The history of these disciplines is well-documented and we will not address it here (e.g. Parr 1959, Zusi 1969, Rudwick 1971, Watson et al. 1971, Greene 1995, Farber 1997). Undoubtedly, the continuous study of scholar collections, the works of Bacon, Buffon, Cuvier, Lyell, Darwin, and Haeckel, among others, together with the development of preservation techniques, the development of scientific illustration and the great expeditions, had a major impact on the ramification and specialisation of natural history (Whitehead 1970, Farber 1997). Moreover, the Linnaean revolution delivered by Species Plantarum (1753) for botany and the 10th edition of Systema Naturae (1758) for zoology (Frängsmyr 1994) provided the framework for a coherent nomenclatural system18. Research collections in archaeology developed later19, when, in 1836, C.J. Thomsen introduced the three-age period (Stone, Bronze and Iron) and Jens Worsaae divided the Stone Age into Palaeolithic, Mesolithic and Neolithic. These authors, together with Darwin and Lyell's revolutionary developments in biology and geology forged a new scientific view of human origins upon the Christian world (Greene 1995). Anthropological research collections also only appeared after natural history.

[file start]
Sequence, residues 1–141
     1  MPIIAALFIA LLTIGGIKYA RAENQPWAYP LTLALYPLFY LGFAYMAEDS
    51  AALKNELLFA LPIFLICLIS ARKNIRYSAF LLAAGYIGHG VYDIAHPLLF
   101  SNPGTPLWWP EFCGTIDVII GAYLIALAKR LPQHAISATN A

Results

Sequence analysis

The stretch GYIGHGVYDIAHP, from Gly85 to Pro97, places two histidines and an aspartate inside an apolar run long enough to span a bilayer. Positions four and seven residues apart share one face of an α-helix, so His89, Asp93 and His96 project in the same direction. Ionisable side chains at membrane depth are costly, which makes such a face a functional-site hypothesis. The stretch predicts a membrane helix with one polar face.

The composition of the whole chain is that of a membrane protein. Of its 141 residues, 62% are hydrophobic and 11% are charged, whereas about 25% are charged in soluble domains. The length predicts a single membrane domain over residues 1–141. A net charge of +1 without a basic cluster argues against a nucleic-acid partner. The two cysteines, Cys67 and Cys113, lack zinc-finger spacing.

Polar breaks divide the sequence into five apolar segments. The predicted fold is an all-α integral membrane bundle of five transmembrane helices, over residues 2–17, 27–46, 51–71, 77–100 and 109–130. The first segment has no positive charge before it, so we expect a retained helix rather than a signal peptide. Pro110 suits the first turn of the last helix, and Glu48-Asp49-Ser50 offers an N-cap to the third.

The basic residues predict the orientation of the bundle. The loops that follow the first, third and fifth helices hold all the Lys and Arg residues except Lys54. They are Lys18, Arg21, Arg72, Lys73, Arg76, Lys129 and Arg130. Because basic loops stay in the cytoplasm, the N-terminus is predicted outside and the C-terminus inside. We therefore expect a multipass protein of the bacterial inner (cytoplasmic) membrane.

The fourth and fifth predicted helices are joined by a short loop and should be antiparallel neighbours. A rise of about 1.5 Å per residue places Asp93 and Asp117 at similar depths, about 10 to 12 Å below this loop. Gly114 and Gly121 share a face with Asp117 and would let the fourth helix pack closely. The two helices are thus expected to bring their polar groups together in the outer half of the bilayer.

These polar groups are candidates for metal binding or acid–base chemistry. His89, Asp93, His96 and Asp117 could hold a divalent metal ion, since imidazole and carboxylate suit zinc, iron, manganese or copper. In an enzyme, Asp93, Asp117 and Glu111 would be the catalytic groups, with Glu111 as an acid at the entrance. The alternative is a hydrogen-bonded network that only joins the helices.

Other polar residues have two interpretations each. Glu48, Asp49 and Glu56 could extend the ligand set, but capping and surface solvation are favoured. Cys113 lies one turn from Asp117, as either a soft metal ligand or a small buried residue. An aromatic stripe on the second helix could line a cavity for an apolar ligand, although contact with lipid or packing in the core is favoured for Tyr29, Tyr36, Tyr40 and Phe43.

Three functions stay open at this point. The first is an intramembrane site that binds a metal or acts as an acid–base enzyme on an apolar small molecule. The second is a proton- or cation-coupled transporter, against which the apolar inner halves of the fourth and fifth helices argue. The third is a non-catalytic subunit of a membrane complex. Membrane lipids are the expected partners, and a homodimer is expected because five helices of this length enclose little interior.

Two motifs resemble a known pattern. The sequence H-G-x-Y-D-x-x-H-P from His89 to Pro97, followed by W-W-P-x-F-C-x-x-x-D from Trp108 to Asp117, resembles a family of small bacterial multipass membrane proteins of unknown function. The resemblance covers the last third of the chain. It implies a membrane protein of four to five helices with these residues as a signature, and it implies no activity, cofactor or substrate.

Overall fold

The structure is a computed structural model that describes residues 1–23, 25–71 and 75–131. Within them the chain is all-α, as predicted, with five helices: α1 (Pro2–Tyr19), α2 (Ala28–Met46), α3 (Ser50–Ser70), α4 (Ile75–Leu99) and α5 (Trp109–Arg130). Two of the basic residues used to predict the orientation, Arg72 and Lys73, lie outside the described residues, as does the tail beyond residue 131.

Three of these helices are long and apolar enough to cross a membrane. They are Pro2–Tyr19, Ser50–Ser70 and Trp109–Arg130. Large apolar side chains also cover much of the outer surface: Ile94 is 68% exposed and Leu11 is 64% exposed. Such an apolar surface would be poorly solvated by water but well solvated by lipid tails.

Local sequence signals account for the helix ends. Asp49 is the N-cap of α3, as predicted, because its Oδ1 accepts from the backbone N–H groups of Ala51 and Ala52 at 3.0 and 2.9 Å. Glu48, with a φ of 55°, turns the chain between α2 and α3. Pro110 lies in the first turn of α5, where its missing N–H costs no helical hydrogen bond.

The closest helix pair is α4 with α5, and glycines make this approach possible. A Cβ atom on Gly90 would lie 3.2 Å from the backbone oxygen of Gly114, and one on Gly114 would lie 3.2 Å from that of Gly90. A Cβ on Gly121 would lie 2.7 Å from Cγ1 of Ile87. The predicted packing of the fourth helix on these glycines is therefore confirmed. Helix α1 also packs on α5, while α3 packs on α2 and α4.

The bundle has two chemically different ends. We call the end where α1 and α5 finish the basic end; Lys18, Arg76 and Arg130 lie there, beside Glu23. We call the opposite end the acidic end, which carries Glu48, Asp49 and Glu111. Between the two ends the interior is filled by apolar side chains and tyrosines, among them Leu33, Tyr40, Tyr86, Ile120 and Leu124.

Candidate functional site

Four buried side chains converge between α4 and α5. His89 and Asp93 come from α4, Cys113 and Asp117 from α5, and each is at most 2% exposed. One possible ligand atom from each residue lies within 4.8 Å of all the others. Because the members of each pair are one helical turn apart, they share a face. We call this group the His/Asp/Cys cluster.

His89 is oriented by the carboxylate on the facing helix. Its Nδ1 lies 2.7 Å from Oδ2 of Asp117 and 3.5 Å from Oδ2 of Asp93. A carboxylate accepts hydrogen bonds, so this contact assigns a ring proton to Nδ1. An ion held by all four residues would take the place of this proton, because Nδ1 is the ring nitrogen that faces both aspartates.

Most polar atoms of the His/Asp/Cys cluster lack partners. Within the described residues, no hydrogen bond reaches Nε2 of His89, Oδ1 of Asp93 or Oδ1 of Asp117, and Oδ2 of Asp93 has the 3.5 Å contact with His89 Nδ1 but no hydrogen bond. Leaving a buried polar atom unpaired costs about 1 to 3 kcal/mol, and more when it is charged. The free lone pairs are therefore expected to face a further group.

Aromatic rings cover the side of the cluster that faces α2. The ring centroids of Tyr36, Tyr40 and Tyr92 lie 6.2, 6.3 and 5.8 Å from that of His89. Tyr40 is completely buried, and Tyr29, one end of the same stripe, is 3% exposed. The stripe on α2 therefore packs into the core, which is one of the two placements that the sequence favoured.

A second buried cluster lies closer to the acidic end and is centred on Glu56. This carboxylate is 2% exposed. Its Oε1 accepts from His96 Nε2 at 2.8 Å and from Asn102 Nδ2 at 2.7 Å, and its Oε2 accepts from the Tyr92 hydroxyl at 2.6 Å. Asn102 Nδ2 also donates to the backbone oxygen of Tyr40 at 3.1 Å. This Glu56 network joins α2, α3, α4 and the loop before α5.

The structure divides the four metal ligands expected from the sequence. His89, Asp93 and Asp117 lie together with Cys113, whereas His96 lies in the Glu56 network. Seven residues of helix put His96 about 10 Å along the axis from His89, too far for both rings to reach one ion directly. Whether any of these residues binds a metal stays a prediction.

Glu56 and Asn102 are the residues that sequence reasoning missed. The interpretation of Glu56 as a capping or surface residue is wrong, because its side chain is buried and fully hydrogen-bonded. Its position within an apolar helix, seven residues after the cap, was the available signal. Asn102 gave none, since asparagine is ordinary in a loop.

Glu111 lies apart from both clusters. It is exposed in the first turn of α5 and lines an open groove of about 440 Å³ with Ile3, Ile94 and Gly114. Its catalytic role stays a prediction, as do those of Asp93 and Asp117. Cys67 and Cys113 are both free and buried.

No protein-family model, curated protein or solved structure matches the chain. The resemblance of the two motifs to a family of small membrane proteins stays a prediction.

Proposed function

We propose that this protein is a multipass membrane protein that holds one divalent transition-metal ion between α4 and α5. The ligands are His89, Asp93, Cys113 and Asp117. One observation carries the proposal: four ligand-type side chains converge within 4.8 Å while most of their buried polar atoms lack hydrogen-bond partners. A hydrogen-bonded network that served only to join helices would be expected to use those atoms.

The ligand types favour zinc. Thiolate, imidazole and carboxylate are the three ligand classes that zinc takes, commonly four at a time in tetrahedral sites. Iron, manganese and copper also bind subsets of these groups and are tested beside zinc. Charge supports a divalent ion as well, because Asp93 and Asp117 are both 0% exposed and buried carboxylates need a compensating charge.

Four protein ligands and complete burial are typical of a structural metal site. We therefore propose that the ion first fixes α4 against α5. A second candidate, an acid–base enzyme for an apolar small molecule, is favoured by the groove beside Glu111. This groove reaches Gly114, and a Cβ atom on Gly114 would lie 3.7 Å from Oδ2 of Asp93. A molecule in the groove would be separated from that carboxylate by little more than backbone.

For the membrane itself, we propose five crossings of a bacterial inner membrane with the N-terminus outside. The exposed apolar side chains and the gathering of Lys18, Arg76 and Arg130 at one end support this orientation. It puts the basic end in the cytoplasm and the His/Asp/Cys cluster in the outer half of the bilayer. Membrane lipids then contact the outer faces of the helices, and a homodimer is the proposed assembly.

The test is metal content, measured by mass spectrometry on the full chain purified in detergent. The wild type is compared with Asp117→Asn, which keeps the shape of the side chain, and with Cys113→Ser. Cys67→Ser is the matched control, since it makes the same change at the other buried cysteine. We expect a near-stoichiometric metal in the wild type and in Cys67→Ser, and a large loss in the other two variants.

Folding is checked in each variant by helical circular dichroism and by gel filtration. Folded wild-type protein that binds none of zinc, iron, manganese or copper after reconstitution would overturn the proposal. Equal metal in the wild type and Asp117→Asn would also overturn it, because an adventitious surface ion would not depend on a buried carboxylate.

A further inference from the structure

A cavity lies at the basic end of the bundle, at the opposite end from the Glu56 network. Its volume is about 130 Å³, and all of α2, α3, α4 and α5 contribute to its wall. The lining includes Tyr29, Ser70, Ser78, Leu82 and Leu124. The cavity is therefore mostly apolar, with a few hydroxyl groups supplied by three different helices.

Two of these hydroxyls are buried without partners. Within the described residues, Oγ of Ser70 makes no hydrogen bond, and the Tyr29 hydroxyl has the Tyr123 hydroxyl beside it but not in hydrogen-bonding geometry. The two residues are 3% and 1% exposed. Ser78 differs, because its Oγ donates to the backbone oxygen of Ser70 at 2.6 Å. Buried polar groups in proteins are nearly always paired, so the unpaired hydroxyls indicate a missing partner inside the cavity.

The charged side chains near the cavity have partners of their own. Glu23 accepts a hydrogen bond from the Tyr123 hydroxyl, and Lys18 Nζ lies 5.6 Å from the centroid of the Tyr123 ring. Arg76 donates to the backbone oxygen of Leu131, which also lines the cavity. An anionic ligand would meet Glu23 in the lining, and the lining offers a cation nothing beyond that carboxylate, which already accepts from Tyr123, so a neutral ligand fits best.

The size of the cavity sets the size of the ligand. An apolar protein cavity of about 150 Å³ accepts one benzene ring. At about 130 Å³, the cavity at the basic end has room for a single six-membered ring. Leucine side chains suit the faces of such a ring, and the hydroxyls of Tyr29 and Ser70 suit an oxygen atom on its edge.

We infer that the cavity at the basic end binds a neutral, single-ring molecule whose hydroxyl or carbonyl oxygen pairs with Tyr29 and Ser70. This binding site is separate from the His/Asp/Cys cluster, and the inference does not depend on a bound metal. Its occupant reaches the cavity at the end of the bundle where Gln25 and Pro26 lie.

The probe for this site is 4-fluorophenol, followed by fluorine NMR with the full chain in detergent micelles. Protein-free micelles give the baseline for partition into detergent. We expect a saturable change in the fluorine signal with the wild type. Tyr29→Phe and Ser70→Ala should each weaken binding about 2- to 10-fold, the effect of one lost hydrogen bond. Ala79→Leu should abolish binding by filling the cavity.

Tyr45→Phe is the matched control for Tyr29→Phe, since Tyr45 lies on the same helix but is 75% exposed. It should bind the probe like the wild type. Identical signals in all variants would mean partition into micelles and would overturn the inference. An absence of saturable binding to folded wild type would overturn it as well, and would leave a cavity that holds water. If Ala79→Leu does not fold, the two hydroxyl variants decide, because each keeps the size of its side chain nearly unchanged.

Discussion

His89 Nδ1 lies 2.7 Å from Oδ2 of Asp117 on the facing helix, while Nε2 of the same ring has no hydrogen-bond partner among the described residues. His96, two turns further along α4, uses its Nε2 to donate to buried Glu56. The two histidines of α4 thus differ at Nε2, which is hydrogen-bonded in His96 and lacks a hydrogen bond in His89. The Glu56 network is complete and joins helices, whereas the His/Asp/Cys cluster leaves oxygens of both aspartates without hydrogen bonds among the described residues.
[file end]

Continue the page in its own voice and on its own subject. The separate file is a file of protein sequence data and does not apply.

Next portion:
From the scholar to the research collection, the object acquires an increasingly important documentary value - it is collected to answer a particular question or to archive the answer (Clercq & Lourenço, in press). The ultimate example of the research collection is the reference collection - where objects are assembled in order to represent a qualitatively and statistically valid sample allowing a broad comparative survey of natural variation (the same idea as in contemporary political polls). The representative role of objects in collections was to a considerable extent adopted and adapted by archaeology and anthropology (Greene 1995, Boylan 1999), and even by other fields outside university museums (e.g. art collections representing particular styles or periods).